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        Yakima Washington is located in Central Washington.  Shielded from the costal rains by the Cascade Mountain Range the Yakima area is considered a high desert region with cool winters and warm dry summers.  The region boasts of 300 days of sunshine per year and four distinct seasons. High temperatures range from an average of 37 in the winter to an average high of 88 in the summer months.  Average annual precipitation is approximately 8 inches of which half is made up of snow fall in the months of December to February. 

        Yakima's central location in the State of Washington makes it an ideal starting point for many destinations and sights across the region.  The Cascade Ski Areas are approximately 1 - 1 1/2 hours to the west, fantastic fishing is right at the Yakima City limits on the Naches and Yakima Rivers, spectacular golf courses dot the county and the majors cities of Seattle, Spokane, and Portland are just a few hours away by auto.

        A fast growing industry in Yakima County is wine production.  Climate, availability of land for vineyards and wineries plus the agricultural background of the work force has made the Yakima Valley an ideal winery region.  The various wineries produce excellent products, offer gifts ideas plus interesting tours of their facilities and the wine making process.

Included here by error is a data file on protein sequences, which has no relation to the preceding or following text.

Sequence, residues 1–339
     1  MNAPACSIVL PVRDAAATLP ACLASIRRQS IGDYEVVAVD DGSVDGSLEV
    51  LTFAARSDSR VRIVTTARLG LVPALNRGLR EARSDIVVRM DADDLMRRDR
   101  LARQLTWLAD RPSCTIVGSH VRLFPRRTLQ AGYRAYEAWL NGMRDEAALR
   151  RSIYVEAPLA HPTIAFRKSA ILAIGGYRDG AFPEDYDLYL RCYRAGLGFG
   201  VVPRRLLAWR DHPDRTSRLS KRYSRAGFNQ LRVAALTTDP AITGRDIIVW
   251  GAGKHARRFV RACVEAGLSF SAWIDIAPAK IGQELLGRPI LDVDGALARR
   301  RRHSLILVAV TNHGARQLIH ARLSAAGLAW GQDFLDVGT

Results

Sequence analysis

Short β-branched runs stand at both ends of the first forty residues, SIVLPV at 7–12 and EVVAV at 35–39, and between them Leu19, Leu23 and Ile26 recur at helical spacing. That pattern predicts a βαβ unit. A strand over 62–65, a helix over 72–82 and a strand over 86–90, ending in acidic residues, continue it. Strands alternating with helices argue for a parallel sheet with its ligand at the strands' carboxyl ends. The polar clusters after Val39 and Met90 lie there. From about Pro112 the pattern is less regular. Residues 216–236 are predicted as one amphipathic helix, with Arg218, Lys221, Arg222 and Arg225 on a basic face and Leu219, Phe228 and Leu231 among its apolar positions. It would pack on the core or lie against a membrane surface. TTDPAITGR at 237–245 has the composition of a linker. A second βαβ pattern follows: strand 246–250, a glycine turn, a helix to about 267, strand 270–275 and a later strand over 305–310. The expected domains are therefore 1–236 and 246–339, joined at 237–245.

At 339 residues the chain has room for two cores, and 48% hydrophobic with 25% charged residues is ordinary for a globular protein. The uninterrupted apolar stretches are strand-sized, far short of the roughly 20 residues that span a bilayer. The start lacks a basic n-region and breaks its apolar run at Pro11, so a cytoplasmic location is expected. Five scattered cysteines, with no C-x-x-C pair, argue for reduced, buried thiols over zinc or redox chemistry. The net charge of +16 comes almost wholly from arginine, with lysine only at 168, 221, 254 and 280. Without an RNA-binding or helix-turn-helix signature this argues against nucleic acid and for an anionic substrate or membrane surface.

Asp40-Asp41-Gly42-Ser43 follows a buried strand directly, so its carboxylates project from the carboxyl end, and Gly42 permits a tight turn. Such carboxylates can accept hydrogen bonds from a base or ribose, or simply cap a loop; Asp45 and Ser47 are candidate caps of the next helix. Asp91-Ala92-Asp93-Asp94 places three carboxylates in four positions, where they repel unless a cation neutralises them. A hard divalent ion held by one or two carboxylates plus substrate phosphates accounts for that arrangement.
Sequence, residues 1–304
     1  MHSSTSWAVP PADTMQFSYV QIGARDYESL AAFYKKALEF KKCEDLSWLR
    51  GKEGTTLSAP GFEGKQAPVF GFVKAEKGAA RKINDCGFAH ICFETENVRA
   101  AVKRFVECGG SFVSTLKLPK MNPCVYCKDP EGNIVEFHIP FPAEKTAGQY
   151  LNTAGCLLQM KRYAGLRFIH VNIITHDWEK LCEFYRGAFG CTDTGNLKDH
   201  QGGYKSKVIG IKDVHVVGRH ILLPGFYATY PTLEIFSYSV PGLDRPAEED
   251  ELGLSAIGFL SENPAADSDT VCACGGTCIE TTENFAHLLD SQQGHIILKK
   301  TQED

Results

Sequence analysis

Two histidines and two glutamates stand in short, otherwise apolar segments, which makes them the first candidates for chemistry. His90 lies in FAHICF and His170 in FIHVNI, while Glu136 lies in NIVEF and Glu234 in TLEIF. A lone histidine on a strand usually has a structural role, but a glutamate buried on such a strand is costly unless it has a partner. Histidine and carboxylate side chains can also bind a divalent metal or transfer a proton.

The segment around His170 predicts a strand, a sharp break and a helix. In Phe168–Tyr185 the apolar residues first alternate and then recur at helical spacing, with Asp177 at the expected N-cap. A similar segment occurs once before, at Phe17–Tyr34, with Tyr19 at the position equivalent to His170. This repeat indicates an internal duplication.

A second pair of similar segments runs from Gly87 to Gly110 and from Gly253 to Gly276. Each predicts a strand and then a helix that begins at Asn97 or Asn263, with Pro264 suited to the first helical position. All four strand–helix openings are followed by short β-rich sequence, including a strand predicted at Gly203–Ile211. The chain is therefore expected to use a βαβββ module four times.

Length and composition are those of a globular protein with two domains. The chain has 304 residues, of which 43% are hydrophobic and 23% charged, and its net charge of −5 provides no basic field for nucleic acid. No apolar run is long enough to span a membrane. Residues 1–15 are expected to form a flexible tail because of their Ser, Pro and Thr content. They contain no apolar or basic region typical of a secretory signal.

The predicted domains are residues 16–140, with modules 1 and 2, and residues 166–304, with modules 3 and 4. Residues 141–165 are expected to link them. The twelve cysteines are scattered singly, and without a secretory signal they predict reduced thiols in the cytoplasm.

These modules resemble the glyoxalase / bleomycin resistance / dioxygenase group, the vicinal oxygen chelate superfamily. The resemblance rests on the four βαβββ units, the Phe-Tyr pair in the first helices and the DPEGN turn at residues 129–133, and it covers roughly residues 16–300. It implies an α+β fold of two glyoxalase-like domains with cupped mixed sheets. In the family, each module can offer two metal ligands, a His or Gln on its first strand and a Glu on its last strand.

The history of the Yakima area is one of the wild west.  Although there is a brief mention of Europeans in the area as early as the 1700's, Lewis and Clark's expedition of 1805 and their news of abundant wildlife and fertile valleys drew settlers to the area.  The increasing amounts of settlers in the 1850's lead to the conflict with the Yakama Indian Tribes and the Yakama Indian Wars of 1855.  Yakima County was formed from portions of Walla Walla County, Kittitas County and Benton County.  The City of Yakima was originally established where the City of Union Gap is at presently and was incorporated in 1883.  In 1884 the Northern Pacific Railroad, unable to establish a station in Yakima built four miles to the west.  The railroad then moved numerous buildings from Yakima to the new settlement of North Yakima around the new station.  Upon incorporation North Yakima became the official county seat in 1886.  By 1890 city utility services are available and by 1905 Yakima had its own daily newspaper the Yakima Herald Republic.  Like many other western cities, Yakima continues to grow and today the City of Yakima proper has a population of 80,800 and a regional population of 229,024. 

        Combined, Yakima's climate, the central location, a past rich with historical significance and almost everything good that nature can offer makes Yakima an excellent destination or a base to explore the Northwest.

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